Is having The Rona a crime in the U.S.?

The Rona, crime scene tape, handcuffs. police officer figurine

I recently called our primary care office to schedule an appointment to have my daughter tested for Lyme disease. During the initial call, the receptionist asked me several questions regarding my concerns. I told her that my daughter had had an attached tick about a month ago. I also explained that she was exhibiting several symptoms commonly associated with Lyme disease, including headache, fatigue and knee pain. The office worker scheduled an appointment for that same day, then asked if I would hold the line in order to have a nurse speak with me for a moment. That’s when I learned that having “The Rona” must be considered a criminal offense (insert snarky face) in the United States.

I thought it a bit odd that I would have to speak with a nurse when our appointment was already scheduled and it was simply to get some blood work done. When the nurse came on the line, she said I would have to answer a list of questions before they could allow us into the building. (Oooookay, whatever.) I suppose that since headache is associated with Lyme disease but also with COVID-19, it triggers an additional line of questioning on their end. I get it. No biggie.

The first few questions were par for the course: Had I or my daughter been out of the country in the past 30 days, does she have a fever and has she had any nausea or vomiting? Then, she asked my something that truly, literally rendered me speechless for a moment (a great feat, as anyone who knows me might tell you) and made my mouth drop.

Government-mandated questions about The Rona

The nurse asked me the following question:
“Has your daughter been exposed to anyone who was recently diagnosed with COVID or is under investigation for it?”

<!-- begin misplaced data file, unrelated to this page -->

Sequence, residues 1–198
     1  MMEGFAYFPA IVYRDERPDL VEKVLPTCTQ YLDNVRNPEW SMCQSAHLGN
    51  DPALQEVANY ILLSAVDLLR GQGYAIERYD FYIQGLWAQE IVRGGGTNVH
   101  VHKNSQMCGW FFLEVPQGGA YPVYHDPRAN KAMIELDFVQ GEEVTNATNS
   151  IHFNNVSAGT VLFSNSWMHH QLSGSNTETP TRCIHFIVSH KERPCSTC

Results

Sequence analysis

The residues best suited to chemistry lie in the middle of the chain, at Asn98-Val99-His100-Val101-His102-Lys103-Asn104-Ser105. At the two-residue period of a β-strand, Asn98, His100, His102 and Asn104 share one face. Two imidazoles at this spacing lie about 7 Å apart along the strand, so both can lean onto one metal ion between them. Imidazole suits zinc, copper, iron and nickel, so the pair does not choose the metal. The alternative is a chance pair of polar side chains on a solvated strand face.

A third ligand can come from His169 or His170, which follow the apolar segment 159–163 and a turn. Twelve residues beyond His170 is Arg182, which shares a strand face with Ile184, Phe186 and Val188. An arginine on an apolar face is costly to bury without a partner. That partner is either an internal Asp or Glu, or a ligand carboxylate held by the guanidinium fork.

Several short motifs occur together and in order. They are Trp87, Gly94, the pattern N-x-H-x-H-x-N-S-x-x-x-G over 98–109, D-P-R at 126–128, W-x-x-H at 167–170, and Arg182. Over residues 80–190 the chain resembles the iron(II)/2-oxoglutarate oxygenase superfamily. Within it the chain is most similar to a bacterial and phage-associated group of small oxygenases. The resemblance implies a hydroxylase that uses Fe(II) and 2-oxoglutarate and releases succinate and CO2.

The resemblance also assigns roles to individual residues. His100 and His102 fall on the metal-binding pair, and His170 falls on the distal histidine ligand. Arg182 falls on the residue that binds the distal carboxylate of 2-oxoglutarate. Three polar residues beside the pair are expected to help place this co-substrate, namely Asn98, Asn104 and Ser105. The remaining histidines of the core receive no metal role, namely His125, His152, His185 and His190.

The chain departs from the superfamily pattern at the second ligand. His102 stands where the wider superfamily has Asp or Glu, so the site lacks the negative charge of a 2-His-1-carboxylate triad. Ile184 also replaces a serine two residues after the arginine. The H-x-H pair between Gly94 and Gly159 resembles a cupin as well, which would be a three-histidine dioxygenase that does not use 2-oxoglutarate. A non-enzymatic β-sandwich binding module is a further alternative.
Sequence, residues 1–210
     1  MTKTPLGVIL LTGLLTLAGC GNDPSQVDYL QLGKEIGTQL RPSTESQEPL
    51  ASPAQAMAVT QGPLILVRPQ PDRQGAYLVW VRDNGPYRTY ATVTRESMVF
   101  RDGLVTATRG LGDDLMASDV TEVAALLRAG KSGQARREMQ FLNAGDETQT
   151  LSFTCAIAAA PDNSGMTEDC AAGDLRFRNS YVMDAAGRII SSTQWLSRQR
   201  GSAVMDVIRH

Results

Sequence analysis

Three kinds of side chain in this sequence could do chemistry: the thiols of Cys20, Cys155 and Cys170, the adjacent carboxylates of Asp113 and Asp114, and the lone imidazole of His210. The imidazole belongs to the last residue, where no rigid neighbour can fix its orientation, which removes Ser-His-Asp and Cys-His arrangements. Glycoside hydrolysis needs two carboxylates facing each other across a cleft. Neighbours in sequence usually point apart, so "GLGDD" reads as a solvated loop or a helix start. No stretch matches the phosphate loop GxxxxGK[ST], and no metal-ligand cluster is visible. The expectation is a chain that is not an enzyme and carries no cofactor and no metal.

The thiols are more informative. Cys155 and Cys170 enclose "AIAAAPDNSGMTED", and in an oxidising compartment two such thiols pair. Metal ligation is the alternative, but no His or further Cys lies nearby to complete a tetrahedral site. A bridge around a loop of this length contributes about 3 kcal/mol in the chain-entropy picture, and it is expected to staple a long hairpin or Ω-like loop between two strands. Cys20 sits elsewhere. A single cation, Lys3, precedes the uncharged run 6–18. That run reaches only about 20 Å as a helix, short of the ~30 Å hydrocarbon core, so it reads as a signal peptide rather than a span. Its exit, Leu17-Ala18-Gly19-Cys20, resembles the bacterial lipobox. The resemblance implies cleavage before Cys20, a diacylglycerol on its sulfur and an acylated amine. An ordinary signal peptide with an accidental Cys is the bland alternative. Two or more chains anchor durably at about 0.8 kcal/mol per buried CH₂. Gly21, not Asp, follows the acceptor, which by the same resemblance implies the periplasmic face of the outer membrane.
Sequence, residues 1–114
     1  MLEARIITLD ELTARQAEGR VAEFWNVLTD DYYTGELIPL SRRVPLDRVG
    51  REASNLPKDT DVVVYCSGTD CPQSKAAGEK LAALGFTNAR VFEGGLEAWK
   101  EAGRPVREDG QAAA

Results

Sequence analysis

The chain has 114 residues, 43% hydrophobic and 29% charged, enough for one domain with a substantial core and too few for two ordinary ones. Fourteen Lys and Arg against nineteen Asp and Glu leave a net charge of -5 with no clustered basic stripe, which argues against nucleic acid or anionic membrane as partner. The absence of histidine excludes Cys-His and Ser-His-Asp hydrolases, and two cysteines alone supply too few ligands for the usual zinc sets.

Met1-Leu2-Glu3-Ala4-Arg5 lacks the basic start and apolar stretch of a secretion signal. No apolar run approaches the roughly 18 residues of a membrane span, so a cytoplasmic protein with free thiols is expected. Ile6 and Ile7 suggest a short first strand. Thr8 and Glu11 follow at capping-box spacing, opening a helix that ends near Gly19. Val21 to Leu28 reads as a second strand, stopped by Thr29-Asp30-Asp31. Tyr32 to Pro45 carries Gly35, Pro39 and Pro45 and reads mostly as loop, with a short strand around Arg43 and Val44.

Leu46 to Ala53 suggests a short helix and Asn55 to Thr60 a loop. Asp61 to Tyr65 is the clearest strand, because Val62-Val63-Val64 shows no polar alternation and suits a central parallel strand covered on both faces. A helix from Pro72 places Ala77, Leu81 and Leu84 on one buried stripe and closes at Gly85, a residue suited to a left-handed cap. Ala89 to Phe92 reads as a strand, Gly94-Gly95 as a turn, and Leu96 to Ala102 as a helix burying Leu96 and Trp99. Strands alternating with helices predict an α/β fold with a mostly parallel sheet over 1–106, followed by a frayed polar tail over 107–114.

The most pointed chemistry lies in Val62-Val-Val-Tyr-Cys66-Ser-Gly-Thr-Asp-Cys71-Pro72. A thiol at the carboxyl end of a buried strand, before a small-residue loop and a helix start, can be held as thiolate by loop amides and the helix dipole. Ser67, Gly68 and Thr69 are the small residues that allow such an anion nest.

::Mouth drops, eyes bug out of head::

My response: I’m sorry, what did you say?

She repeats the question using the exact same wording.

My response: What the heck does that even mean? I wasn’t aware that it is a crime to have a virus. That is a very peculiar way to phrase your question, don’t you think?

The nurse stated that the questions were mandated. She must ask them as they are written and I must answer them if I wanted my daughter to have a Lyme test done.

I snarkily replied that I did not know anyone being INVESTIGATED for having THE RONA.

20 questions that had nothing to do with the reason for my call

The nurse continued to ask whether my daughter had a runny nose, cough, stomach pain, etc.
I tried to expedite the process by politely stating that the only three symptoms my daughter was experiencing were the three I had already informed her of: headache, knee pain and fatigue. She responded by asking whether my daughter has had a sore throat. I repeated that she only has three symptoms: headache, knee pain and fatigue.

I said that no one in my household has The Rona (I used the word COVID at the time) nor have any of us knowingly been exposed to someone who has it. She said that did not matter. She also said that the fact that my daughter has only three symptoms did not matter. The nurse then stated that the government has mandated the question list. I must answer each, individual question if I wanted my daughter to get a Lyme test.

This entire political scam is getting kind of old, and many people (myself included) are feeling frustrated

To specifically phrase a question to ask whether we know someone who is under investigation for COVID is a form of intimidation. They want to scare people, although I’m not blaming the nurse. She was just doing her job. I’m blaming the people who mandated the questions and chose the wording. Having The Rona is NOT a crime. Crimes are investigated. People suspected of committing crimes are investigated. There is no need to investigate someone for having a virus.

This kind of foolishness needs to stop.

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